Doc Bar was a chestnut stallion who not only revolutionized the cutting industry, but also the Quarter Horse world. He was born in 1956 on Tom Finley's Arizona Ranch. He was sired by Lightning Bar by Three Bars and his dam was Dandy Doll by Texas Dandy. Doc Bar was bred for one thing in mind, racing. His career was meant to be focused around speed, but he sadly did not excel in the race world. He took a whole different turn and became known for his amazing skill set in reining, working cow, cutting, roping, halter, and as a renowned sire.
Doc Bar was not your typical Quarter Horse. He was barely 15 hands and stocky. The breeders had hoped he would be a star racehorse, but that dream was short lived with winning less than $100 on the track. After realizing speed was not his strong suit, Doc Bar was given to Charley Araujo in California to show halter. It was a gamble because this stud did not fit what the judges had been groomed to see. He was short and didn't have the same look as his competitors. However, to everyone's surprise, the halter industry was excited for this change. With Araujo leading and the stallion's unique conformation, Doc Bar altered the guidelines for halter horse champions almost over night. His showing career was brief, but in that time he won 9 Grand Champions and 1 Reserve Champion.
In 1963, Doc Bar caught the eye of Dr. and Mrs. Stephen Jensen of Double J Ranch. Their ranch was located in Paicines, California. The couple had obtained a nice band of broodmares and they were on the hunt for the right sire to add to their breeding program. Doc Bar fit that image to a tee and the Jensen's purchased him for $30,000. Yes, you read that correct, $30,000! This was a substantial amount in the 1960's. His power, strength, and ability led him to becoming a legendary sire.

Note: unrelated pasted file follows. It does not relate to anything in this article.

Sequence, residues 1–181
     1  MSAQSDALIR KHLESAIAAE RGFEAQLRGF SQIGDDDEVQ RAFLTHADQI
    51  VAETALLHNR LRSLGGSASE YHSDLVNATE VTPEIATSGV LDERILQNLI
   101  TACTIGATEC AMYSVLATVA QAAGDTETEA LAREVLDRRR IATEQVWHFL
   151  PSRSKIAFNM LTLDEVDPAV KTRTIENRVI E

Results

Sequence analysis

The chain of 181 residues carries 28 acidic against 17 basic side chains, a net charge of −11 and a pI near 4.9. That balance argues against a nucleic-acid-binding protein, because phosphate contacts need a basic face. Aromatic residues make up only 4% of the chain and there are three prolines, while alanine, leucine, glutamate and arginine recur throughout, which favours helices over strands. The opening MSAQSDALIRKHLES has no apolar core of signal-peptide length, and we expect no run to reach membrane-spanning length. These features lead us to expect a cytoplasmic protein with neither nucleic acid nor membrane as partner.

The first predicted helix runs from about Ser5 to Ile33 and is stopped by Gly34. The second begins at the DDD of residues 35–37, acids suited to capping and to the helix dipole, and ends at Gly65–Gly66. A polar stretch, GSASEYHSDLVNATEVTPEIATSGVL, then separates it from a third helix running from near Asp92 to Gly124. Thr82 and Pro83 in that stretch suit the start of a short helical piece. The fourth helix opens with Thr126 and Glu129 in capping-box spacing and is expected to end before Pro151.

Doc Bar was swift enough to manage cattle and he excelled at it. His riders found that him being only 15 hands actually made it easier for them to rope and catch calves. This really shed light on how certain alterations in the breed could benefit riders. He took the roping and cutting pen by storm. Doc Bar was agile and could really get after those cows. His height actually gave him an advantage. They do say dynamite comes in small packages, right? Over the years, Doc Bar sired National Cutting Horse Association Futurity Winners, World Champions, and Top 10 horses. He was even a Grandsire of Smart Little Lena.
Doc Bar sired 485 foals that earned 2,492 halter points and 4,569.5 performance points. Among those, a few were even AQHA Champions. Doc Bar himself earned nearly 9,000 AQHA points and won multiple World Champions. Doc Bar died in 1992 at the age of 32. He was inducted into the AQHA Horse Hall of Fame in 1993.
Doc Bar is proof that things don't always go the way we plan, but that just means you are simply made to do bigger and better things. This legendary horse will forever be known for his amazing abilities and his impact on the horse industry.
(picture credit: https://westernhorseman.com/culture/flashbacks/the-top-10-ranch-horse-bloodlines/)